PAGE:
Optimized fragmentation improves the identification of peptides cross-linked using MS-cleavable reagents
Cross-linking mass spectrometry (XLMS) is becoming increasingly popular, and current advances are widening the applicability of the technique so that it can be utilized by non-specialist laboratories. Specifically, the use of novel mass spectrometry-cleavable (MS-cleavable) reagents dramatically reduce complexity of the data by providing i) characteristic reporter ions and ii) the mass of the individual peptides, rather than that of the cross-linked moiety. However, optimum acquisition strategies to obtain the best quality data for such cross-linkers with higher energy C-trap dissociation (HCD) alone is yet to be achieved. Therefore, we have carefully investigated and optimized the MS parameters to facilitate the identification of disuccinimidyl sulfoxide (DSSO)-based cross-links on HCD-equipped mass spectrometers. From the comparison of 9 different fragmentation energies we chose several stepped-HCD fragmentation methods that were evaluated on a variety of cross-linked model proteins. The optimal stepped-HCD-method was then directly compared with previously described methods using an Orbitrap Fusion Lumos Tribrid instrument using a high-complexity sample. The final results indicate that our stepped-HCD method is able to identify more cross-links than other methods, mitigating the need for multi-stage MS (MSn) enabled instrumentation and alternative dissociation techniques.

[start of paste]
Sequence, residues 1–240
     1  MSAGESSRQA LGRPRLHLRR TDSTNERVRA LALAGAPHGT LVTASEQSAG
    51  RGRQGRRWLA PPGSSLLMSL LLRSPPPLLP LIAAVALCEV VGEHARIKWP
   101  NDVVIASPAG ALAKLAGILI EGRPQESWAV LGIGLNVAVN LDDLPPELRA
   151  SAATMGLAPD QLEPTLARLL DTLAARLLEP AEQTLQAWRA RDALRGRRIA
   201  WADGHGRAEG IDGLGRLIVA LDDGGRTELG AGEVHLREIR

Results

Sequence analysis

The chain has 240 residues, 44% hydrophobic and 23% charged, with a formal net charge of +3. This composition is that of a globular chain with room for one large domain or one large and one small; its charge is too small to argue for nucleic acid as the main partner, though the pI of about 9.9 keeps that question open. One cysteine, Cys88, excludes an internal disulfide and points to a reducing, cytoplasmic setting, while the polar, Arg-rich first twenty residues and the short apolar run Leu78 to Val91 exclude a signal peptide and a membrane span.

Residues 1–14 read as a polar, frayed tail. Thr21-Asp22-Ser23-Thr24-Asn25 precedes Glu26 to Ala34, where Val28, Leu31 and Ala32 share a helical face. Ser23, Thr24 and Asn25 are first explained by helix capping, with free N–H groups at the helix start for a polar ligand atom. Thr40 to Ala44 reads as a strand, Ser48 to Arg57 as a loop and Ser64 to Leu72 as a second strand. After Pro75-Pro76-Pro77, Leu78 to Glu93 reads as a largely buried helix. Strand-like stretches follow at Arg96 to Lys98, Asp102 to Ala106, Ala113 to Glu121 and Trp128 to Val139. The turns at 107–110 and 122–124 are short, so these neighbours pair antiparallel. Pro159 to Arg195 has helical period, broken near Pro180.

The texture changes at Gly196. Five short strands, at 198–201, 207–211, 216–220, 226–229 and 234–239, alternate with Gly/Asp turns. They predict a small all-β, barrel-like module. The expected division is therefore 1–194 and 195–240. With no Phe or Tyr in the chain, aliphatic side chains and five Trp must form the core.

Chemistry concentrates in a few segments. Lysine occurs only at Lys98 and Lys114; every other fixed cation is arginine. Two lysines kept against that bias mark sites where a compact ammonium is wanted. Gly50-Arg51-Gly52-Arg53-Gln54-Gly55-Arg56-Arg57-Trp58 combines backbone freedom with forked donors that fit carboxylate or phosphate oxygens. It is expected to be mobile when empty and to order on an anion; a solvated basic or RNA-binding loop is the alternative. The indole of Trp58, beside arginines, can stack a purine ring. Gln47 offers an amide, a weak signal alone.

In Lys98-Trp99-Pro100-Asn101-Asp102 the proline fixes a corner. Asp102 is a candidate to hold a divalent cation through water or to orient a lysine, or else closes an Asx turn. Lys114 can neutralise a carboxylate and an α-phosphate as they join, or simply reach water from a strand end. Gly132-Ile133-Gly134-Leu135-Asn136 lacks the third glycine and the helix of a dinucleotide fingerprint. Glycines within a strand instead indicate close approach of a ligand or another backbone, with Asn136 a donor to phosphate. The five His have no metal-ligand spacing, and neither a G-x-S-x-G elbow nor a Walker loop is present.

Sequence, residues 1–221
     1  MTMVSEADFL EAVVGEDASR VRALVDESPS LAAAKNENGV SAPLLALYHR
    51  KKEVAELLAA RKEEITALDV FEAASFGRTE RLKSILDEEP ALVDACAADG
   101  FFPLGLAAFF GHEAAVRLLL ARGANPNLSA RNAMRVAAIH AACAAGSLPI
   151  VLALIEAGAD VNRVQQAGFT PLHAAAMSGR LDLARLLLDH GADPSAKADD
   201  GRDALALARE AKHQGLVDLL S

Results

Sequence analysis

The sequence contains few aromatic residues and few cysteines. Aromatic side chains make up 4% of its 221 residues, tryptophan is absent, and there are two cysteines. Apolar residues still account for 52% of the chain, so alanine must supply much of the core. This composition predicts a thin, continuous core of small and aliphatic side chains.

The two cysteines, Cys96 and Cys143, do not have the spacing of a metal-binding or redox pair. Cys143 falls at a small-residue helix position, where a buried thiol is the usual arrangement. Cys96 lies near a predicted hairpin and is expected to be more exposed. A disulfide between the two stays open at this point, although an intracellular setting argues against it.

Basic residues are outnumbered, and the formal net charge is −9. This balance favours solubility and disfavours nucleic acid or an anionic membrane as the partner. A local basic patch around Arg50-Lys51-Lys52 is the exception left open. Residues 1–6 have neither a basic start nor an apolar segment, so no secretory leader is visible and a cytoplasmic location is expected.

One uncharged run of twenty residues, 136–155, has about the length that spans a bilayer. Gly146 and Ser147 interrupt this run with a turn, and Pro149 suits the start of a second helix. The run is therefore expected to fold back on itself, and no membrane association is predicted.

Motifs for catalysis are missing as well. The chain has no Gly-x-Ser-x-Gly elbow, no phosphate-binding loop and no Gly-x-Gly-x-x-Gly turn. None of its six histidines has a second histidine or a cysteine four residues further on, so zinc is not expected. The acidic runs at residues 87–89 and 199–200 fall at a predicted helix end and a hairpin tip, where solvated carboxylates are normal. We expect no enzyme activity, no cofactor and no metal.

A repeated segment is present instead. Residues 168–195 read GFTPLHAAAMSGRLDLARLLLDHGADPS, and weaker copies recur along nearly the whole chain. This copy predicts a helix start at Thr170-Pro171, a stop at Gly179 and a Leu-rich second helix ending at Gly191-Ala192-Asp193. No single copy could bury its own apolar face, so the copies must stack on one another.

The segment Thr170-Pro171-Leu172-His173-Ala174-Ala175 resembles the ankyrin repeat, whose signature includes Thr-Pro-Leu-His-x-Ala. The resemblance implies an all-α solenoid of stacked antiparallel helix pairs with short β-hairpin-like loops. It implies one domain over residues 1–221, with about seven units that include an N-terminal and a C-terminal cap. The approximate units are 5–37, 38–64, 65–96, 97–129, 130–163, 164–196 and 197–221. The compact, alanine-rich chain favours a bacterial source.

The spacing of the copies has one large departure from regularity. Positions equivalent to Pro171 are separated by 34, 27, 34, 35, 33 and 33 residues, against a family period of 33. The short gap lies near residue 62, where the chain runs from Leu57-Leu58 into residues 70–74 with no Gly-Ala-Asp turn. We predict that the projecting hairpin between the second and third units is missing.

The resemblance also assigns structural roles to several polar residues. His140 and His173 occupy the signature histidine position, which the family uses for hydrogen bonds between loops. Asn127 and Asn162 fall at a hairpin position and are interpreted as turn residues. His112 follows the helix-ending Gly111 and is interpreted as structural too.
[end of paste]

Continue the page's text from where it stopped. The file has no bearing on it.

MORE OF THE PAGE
- Downloaded 1,427 times
- Download rankings, all-time:
- Site-wide: 14,062
- In biochemistry: 274
- Year to date:
- Site-wide: 39,087
- Since beginning of last month:
- Site-wide: 40,770
Downloads over time
Distribution of downloads per paper, site-wide
- 27 Nov 2020: The website and API now include results pulled from medRxiv as well as bioRxiv.
- 18 Dec 2019: We're pleased to announce PanLingua, a new tool that enables you to search for machine-translated bioRxiv preprints using more than 100 different languages.
- 21 May 2019: PLOS Biology has published a community page about Rxivist.org and its design.
- 10 May 2019: The paper analyzing the Rxivist dataset has been published at eLife.
- 1 Mar 2019: We now have summary statistics about bioRxiv downloads and submissions.
- 8 Feb 2019: Data from Altmetric is now available on the Rxivist details page for every preprint. Look for the "donut" under the download metrics.
- 30 Jan 2019: preLights has featured the Rxivist preprint and written about our findings.
- 22 Jan 2019: Nature just published an article about Rxivist and our data.
- 13 Jan 2019: The Rxivist preprint is live!